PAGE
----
This week I took a short break from reading Brooksfield for my PIDP 3260 and I did some research online. I was thinking about my students and how they all come from such different places in life. Some of them are fully “equipped” to handle adult education and others really struggle with it. The fact is, we all need to have some basic skills to handle life and learning. In the academic/business world, these skills are called “Essential Skills”, and the Douglas College Training Group described them as follows:
“Essential Skills are the skills needed for work, learning and life. They provide the foundation for learning all other skills and enable people to evolve with their jobs and adapt to workplace change. Through extensive research, Employment and Social Development Canada (ESDC) and other national and international agencies have identified and validated nine Essential Skills. These skills are used in nearly every occupation and throughout daily life in different ways and at different levels of complexity…Participants will develop the competencies, knowledge, skills and attitudes necessary to work effectively to assess and enhance the Essential Skills of the diverse client populations they serve.”
Adult learners may lack essential skills, or have low skills. This fact is so evident that that the Douglas College Training Group has created an “Essential Skills Practitioner Training” certificate program. They recognize that instructors are teaching a diverse population of students, with varying levels of essential skills. Most adult learners do not come to class fully equipped with all the skills needed to be successful. It is the role of the instructor to teach them what they need to know, even if it is outside the subject matter.
Adult learners will likely have a variety of essential skills under their belts developed over the years. However, they are not all robots, manufactured to exactly to the same the specs in the same plant. Adult learners are diverse. Each adult will have essential skills that were used at different levels in different work, home and school environments in the past and present.
“According to the OECD, about 13% of workers are under-qualified for their jobs, significantly affecting productivity at your firm. Low literacy and essential skills is a compounding problem because low-skilled adults benefit less from other training that sits atop basic skills—and their skills remain weak or deteriorate over time. “Differences in the average use of reading skills explain around 30% of the variation in labour productivity across countries,” states the OECD (Organization for Economic Co-operation and Development). This means that we can’t expect students meet their competencies if they have low essential skills. We are supposed to build on their essential skills. That may require building up their essential skills before piling additional skills on top.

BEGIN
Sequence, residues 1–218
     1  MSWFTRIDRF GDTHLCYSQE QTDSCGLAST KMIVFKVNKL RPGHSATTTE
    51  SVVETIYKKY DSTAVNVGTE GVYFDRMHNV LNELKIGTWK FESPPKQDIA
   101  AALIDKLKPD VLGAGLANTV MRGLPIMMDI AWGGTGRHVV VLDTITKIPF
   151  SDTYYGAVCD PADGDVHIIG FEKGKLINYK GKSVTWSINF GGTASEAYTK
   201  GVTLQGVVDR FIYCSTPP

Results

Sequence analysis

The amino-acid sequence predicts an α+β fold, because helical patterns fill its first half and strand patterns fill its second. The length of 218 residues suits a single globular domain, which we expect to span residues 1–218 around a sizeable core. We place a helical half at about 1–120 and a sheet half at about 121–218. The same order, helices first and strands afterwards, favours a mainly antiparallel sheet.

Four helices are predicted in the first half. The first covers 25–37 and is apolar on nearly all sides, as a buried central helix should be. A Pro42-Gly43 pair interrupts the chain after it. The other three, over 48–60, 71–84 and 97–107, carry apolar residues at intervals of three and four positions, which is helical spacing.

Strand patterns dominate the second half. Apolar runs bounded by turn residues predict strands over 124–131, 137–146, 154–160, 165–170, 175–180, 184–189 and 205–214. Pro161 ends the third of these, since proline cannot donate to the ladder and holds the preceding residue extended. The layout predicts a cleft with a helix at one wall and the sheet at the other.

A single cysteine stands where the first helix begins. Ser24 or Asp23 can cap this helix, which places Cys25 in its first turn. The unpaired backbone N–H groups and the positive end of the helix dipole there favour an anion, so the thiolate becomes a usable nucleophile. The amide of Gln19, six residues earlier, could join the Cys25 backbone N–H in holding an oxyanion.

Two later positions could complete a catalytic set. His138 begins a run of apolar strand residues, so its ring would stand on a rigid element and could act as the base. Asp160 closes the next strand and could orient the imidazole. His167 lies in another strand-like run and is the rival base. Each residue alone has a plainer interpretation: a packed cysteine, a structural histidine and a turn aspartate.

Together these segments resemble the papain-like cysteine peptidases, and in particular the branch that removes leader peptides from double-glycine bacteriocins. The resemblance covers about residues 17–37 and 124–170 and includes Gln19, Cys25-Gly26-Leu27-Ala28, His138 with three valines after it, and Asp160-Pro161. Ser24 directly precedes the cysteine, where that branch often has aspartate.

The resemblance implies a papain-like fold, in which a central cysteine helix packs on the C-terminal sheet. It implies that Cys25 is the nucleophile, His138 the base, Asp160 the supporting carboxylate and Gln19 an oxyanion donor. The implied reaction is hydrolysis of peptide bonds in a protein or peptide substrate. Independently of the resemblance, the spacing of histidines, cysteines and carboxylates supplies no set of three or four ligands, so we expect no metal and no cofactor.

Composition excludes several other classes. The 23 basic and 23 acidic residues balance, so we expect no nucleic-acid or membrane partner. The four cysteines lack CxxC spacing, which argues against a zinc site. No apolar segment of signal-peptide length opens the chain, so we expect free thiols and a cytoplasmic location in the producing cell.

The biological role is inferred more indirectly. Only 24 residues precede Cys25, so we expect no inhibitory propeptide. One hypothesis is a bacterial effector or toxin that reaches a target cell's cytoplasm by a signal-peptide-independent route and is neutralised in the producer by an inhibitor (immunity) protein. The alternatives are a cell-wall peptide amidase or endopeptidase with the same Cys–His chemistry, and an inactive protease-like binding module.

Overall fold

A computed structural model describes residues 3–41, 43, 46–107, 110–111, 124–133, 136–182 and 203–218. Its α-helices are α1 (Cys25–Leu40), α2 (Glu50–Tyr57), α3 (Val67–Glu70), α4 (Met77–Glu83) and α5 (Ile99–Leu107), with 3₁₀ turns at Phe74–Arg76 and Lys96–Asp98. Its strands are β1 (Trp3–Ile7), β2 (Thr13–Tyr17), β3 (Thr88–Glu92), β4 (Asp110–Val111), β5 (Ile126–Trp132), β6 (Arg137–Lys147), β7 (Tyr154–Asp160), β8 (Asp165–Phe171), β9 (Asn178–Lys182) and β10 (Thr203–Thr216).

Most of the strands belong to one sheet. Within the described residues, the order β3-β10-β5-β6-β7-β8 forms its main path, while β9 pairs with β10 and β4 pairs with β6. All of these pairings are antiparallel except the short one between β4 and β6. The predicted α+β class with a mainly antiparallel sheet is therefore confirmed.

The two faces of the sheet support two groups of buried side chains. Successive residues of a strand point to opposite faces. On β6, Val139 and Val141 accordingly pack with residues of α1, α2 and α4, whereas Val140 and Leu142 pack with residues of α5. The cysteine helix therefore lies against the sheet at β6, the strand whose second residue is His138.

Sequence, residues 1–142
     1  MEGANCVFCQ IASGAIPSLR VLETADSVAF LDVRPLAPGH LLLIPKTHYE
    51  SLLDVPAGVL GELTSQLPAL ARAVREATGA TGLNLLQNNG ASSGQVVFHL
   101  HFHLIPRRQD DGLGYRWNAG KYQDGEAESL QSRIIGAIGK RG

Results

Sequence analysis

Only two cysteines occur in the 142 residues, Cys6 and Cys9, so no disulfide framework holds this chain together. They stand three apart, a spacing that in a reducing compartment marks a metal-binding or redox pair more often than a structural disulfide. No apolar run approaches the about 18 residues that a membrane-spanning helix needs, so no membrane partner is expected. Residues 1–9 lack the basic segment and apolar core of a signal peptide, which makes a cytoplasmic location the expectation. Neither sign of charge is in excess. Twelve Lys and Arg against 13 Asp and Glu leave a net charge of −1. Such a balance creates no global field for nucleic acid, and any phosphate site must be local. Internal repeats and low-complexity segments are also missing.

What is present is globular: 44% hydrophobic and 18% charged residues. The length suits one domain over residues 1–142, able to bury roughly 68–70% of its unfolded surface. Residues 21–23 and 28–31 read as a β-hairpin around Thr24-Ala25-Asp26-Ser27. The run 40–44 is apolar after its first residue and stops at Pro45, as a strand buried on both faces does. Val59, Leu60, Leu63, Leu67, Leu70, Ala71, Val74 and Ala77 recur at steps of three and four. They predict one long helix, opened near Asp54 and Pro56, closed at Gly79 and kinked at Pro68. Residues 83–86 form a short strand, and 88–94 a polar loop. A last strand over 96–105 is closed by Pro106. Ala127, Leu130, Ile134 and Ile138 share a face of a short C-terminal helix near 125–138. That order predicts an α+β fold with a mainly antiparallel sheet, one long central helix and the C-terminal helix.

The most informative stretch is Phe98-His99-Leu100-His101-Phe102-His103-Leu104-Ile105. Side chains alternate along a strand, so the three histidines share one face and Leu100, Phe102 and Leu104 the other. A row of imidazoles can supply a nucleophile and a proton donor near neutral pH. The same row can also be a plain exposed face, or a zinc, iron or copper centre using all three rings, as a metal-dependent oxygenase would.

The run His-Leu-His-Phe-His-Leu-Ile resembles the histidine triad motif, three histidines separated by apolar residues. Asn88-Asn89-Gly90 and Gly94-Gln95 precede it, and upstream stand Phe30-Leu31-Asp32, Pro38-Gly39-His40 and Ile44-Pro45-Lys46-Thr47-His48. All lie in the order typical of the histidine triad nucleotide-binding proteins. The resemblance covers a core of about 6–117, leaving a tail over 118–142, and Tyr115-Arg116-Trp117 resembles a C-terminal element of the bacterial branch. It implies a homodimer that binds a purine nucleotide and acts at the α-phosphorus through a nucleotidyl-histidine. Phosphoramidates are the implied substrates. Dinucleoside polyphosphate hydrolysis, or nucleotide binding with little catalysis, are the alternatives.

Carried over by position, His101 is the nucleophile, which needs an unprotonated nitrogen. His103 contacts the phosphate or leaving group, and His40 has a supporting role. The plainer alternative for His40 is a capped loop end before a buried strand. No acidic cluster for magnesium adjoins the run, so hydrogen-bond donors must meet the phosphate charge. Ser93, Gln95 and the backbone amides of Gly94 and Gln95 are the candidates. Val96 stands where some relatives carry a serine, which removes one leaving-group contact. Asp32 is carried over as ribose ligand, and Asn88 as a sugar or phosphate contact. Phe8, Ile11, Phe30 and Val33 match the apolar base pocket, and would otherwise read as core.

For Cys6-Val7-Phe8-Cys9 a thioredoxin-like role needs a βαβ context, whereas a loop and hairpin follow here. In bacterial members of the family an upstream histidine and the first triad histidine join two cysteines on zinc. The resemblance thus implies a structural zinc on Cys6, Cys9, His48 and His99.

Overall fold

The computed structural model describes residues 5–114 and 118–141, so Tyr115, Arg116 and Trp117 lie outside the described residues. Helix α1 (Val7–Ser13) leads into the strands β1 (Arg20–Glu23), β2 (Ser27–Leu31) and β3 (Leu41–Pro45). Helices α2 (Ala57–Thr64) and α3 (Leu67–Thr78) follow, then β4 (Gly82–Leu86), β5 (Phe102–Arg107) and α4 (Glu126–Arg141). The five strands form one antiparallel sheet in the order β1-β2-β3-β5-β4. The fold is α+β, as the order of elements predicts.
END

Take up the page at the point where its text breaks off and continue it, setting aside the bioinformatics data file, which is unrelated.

As an instructor, I know that many of my students struggle to understand and absorb to new information. They struggle to integrate knowledge from different sources. With that in mind, I need to identify and assess each student’s skills so I can help them reach their occupational goals. I need to determine their level of essential skills and help them develop their necessary skills accordingly. I wouldn’t be doing my due diligence in preparing them for the workplace if I didn’t help them develop their essential skills to meet the demands of the job.
Douglas College Training Group, Essential Skill Practitioner Training, (ESPT) Certificate Program Guide, page 4. It can be viewed here: (http://www.douglascollege.ca//media/338C01C3E4E4401DBD9EFA6AA1D36B75.ashx?la=en)
OECD (Organization for Economic Co-operation and Development) study Skills Outlook 2013, CB Insights, How essential-skills training unlocks business value, New research reveals the ROI from training employees in essential skills is higher than you may think, May 15, 2013 (http://www.canadianbusiness.com/insights/literacy/).